NFL 2011

The Dallas Cowboys Are an Ever-Regenerating Tim Tebow
The stadium scene.
Nov. 10 2011 1:44 PM

NFL 2011

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The Dallas Cowboys are an ever-regenerating Tim Tebow.

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Tony Romo bumps fists with Cowboys owner Jerry Jones after Dallas beat the St. Louis Rams.

Photo by Wesley Hitt/Getty Images

Tom, I don't know whether to laugh or go all homer-ish at your charge that Romo is the "secular version of Tim Tebow." Of course, I can't really go all homer-ish because I'm—drum-roll please—Baltimore. But I found my favorite team in the early ‘80s, with a Philly-native father who was an Eagles fan, with the Colts departing at midnight, and several of my friends converting to the Redskins. My theory is that I was, all at once, nursing a rivalry with my father, a career as a Emersonian nonconformist, and a liberal multiculturalist offended by Washington's mascot. This is what I tell people. But more likely I liked the big blue star.

My reason for indulging this bit of memoir is as follows: If anything, your argument that Romo is the secular Tim Tebow is actually understated. The Cowboys, themselves, are perpetual secular Tim Tebows. What you have is a team with enough history to create a narrative and expectations, a self-congratulatory nom de plume as "America's Team," and a record of sticking right in that 5-11 to 11-5 range where you never really win shit, but prognosticators still take you seriously. The result is that you always get your share of national prime-time slots, and that place is justified by all the rabid fans who remember your glory days, and all the rabid haters fueled by your ever-overrated status, who can't wait to see a "lunch-bucket" team like Pittsburgh or Philly kick the shit out of you for "real" football fans the world over.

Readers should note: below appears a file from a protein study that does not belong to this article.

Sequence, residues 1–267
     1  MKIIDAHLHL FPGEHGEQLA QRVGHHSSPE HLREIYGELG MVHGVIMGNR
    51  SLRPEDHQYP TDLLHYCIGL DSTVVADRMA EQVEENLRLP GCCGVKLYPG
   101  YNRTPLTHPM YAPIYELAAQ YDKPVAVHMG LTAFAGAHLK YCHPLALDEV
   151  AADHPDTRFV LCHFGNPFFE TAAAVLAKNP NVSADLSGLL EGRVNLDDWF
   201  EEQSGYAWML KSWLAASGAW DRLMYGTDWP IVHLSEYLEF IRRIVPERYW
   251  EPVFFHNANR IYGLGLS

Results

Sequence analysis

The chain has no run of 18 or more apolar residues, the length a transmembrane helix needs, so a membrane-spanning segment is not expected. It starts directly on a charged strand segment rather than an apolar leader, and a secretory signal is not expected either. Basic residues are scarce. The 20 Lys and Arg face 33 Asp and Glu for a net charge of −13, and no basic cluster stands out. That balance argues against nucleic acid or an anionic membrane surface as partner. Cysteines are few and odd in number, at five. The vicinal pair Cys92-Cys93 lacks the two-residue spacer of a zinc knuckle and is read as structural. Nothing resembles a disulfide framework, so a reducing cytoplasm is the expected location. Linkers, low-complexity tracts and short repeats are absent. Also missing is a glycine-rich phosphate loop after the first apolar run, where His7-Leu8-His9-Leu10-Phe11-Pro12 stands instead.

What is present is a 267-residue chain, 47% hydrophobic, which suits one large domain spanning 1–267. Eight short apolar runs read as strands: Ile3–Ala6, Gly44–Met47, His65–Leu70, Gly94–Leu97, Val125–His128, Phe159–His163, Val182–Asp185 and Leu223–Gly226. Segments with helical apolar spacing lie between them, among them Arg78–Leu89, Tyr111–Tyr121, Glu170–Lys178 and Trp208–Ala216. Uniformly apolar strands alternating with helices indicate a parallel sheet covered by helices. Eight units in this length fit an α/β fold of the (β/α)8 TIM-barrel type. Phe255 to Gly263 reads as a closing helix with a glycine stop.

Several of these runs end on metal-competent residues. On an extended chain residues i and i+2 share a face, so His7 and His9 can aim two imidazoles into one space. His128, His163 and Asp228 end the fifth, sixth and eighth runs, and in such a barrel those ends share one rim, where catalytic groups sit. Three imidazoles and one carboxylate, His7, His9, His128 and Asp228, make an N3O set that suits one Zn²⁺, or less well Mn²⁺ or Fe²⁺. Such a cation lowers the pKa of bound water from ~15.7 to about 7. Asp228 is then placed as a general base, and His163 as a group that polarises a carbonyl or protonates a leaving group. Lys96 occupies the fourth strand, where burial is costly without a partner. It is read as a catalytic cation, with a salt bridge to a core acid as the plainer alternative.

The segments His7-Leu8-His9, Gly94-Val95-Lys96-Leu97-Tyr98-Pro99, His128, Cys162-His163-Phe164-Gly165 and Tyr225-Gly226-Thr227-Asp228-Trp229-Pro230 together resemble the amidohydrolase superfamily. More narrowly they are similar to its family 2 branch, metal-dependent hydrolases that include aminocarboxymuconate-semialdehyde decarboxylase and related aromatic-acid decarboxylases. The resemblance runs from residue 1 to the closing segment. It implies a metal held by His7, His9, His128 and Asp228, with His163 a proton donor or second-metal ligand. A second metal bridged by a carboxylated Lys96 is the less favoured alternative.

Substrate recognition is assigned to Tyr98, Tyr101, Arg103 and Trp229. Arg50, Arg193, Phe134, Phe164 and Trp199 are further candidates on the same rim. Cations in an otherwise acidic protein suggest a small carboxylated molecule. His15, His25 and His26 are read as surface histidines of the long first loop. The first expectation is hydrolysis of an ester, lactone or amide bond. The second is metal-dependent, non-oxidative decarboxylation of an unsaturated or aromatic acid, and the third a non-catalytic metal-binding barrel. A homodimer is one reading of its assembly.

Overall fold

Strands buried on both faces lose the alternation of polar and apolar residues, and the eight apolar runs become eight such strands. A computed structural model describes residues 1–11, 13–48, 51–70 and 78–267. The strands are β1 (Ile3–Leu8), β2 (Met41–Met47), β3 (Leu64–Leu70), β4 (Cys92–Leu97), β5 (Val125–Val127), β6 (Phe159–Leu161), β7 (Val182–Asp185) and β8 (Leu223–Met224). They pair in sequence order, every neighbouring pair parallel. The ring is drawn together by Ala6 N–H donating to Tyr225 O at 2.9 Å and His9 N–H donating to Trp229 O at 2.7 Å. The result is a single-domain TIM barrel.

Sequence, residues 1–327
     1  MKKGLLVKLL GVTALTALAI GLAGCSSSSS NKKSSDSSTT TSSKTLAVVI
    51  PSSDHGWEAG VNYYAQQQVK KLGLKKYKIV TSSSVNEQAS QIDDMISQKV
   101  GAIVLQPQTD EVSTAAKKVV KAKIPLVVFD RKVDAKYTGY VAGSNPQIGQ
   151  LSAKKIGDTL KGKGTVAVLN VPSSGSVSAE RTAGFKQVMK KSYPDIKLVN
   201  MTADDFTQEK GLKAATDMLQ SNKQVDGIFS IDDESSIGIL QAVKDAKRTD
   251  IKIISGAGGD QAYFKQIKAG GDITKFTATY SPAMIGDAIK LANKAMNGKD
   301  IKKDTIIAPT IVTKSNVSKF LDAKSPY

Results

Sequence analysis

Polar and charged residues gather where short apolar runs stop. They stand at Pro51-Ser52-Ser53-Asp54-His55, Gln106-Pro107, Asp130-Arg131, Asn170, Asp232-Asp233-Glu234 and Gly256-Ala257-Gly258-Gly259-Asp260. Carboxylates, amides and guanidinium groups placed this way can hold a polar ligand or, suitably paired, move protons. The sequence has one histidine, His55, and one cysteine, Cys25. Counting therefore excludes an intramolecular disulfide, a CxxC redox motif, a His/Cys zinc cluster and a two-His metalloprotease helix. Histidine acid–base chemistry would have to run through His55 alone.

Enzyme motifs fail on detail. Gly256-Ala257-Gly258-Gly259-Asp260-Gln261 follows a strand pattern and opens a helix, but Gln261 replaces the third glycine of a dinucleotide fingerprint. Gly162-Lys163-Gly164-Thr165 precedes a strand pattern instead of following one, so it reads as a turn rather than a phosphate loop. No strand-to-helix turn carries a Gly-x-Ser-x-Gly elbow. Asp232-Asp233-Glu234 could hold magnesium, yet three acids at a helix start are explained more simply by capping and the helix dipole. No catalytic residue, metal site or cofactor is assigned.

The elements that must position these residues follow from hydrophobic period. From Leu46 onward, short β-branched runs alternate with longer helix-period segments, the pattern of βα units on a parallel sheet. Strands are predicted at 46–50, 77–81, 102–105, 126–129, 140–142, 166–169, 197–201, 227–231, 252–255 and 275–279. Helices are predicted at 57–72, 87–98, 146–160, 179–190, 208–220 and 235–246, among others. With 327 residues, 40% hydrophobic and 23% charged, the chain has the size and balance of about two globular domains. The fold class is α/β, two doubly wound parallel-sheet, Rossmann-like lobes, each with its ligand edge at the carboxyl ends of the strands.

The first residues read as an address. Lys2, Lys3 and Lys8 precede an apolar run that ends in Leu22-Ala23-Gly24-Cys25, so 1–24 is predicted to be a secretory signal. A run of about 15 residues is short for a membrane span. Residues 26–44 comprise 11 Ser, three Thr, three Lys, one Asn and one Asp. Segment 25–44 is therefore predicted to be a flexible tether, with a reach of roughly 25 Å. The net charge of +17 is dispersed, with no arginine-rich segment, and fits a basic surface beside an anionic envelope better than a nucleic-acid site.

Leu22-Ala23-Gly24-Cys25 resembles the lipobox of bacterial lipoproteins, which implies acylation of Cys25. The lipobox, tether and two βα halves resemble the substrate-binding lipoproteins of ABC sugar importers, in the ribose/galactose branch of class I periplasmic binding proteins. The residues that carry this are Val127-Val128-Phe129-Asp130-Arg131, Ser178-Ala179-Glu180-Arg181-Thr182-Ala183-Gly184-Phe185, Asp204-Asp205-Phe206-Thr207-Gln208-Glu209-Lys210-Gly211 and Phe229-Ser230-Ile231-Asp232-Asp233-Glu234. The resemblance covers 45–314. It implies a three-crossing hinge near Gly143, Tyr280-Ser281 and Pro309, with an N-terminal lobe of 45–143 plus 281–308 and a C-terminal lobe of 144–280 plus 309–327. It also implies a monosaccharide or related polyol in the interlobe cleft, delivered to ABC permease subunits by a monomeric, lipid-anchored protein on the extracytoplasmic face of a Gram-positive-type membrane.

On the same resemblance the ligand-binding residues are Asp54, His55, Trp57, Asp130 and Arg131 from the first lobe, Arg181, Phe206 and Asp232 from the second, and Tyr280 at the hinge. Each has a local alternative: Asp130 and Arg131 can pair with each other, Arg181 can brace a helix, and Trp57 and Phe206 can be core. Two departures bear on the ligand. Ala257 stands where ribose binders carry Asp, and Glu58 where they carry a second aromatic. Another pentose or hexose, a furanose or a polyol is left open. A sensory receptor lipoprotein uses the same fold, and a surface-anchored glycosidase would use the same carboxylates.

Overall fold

But it really doesn't matter whether people hate you or love you. Ratings are ratings. I've written about this some before, but this is actually an excellent business plan. I believe Jerry Jones wants to win. But I also believe that he wins, even when he loses, in a way no fan ever can. And whereas Tim Tebow will someday either ride off to glory or be exposed, the Cowboys are an ever-regenerating Tim Tebow. As long as they don't go 1-15 for five years straight, Jones can always roll out his Cowboys to play the ultimate credible jobber—Leaping Lanny Poffo as a franchise. (Though Demarcus Ware is the truth.)

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Jerry Jones will always win. I didn't realize this until the first game in Jones' new Cowboys Stadium, where announcers spent as much time talking about the stadium as they did about football. It became clear that the idea of the Cowboys had actually exceeded the football-playing of the Cowboys.

The question then becomes, what is the responsibility of the fan? There are a lot of Cowboys fans who came on in the early ‘90s. I actually came on in the days of Drew Pearson, Tony Hill, Danny White, Eugene Lockhart, and Dennis Thurman. I remember 3-13. I remember 1-15. I was actually depressed about Herschel Walker getting traded. (Who could know?) When it's clear the fan's interests are somewhat different than ownership's, what is the recourse? In football, especially, there is a strong prohibition against divorce. We're supposed to be lifers. I’m strongly considering courting heresy.

Ta-Nehisi Coates is a senior editor for The Atlantic. He is the author of the memoir The Beautiful Struggle.

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